On June 20th, continued heavy rains in southern Alberta overwhelmed many streams and rivers emanating from the Rocky Mountain foothills, causing widespread flooding across the entire region, causing road and bridge washouts and forcing evacuations in towns upriver from the city of Calgary such as Turner Valley, High River, Cochrane, and Okotoks. By the evening of June 20th, more than twenty low-lying neighbourhoods in the City of Calgary itself were under mandatory evacuation orders as both the Bow and Elbow Rivers crested their banks, flowing at three times the peak levels of the 2005 floods that was among the costliest extreme weather events in the Alberta`s history. The rivers flooded streets, transitways, offices, stores, and homes. Power outages were widespread, the entire downtown closed off, and travel not recommended across much of the city. In total, four people died as a direct result of the floods, and – while still very preliminary – costs are expected to be in the $3-5 billion range.
Just two and a half weeks later, the City of Toronto was hit by a severe thunderstorm that, in just a couple of hours, dumped 126mm, or double the monthly average for July, on the city. Amazingly, that was more than was recorded during the record-breaking and urban-environment-shaping Hurricane Hazel in 1954 that destroyed hundreds of homes and killed 81 people. This time, hundreds of thousands of people lost power (many for more than 24 hours), many more were stranded on flooded highways and subway stations, and 1400 people had to be rescued from a GO commuter train that flooded out in the Don Valley. The total costs of this storm are expected to exceed $600 million.
This week of July 15th, southern Ontario, Quebec, and the northeast United States have been experiencing what is becoming commonplace in summers: multiple days where temperatures rise to the mid-30s, with humidex readings well into the +40s. In the United Kingdom, the past nine days have produced the country`s first prolonged heatwave in nearly a decade, and estimates have placed the number of premature deaths at more than 600 as a result.
Of course, these types of extreme events have existed forever, and it would be incorrect to place all of the blame of these events on changing climates. But climate change does have a role to play in causing this extreme weather and will continue to exert its influence in the future, meaning increasing numbers of more extreme weather events. The challenge is often explaining the difference between "normal" extreme weather and "climate change enhanced" extreme weather.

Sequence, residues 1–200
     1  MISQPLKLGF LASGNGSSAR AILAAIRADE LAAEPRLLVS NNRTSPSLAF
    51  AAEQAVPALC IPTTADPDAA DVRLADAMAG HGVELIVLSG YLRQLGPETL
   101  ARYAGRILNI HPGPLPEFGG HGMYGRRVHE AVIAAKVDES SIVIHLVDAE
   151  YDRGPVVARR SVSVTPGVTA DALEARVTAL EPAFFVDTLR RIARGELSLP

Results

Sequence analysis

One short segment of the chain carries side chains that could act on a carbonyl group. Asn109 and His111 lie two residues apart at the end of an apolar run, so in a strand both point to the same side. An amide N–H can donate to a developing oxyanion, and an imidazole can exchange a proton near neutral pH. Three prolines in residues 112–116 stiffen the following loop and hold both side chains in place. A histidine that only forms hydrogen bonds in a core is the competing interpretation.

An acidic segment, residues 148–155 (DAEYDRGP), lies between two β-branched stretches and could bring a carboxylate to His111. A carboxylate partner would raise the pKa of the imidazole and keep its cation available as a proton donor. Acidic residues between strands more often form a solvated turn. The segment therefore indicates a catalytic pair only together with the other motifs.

Luckily, Dr. Jerry Meehl, Senior Scientist at the National Center for Atmospheric Research in Colorado has given climate change communicators an easy-to-understand analogy that helps illustrate what climate change is doing to our weather (see video below).
In short, Dr. Meehl likens climate change's impact on extreme weather like what is listed above to steroids' impact on players hitting home runs in Major League Baseball. These players would have been able to hit home runs before, but after steroids, many more homeruns were being hit and they were often being hit farther as the players' background base states were changed. Because of past home run-hitting abilities, you couldn't say any particular home run was the result of steroids, but the overall numbers went up after steroids were being used. Climate change is having a similar "steroid effect" on extreme weather: we can't say that any single extreme event is specifically the result of climate change, but the frequency and intensity of extreme events is certainly rising as the background base state of our global climatic system is changing.
These are significant events that impact cities, towns, and regions in many ways: by putting residents in danger, by dedicating staff time and resources to emergency management and cleanup, by disrupting economies, and by forcing limited funds to be spent. With more of them coming as the climate changes at a rapid pace, it behooves local governments to look at what impacts they might be expecting, and decide how best to prepare and adapt to them so their towns and cities remain livable, resilient places. Visit ICLEI's Building Adaptive & Resilient Communities page for how we can help.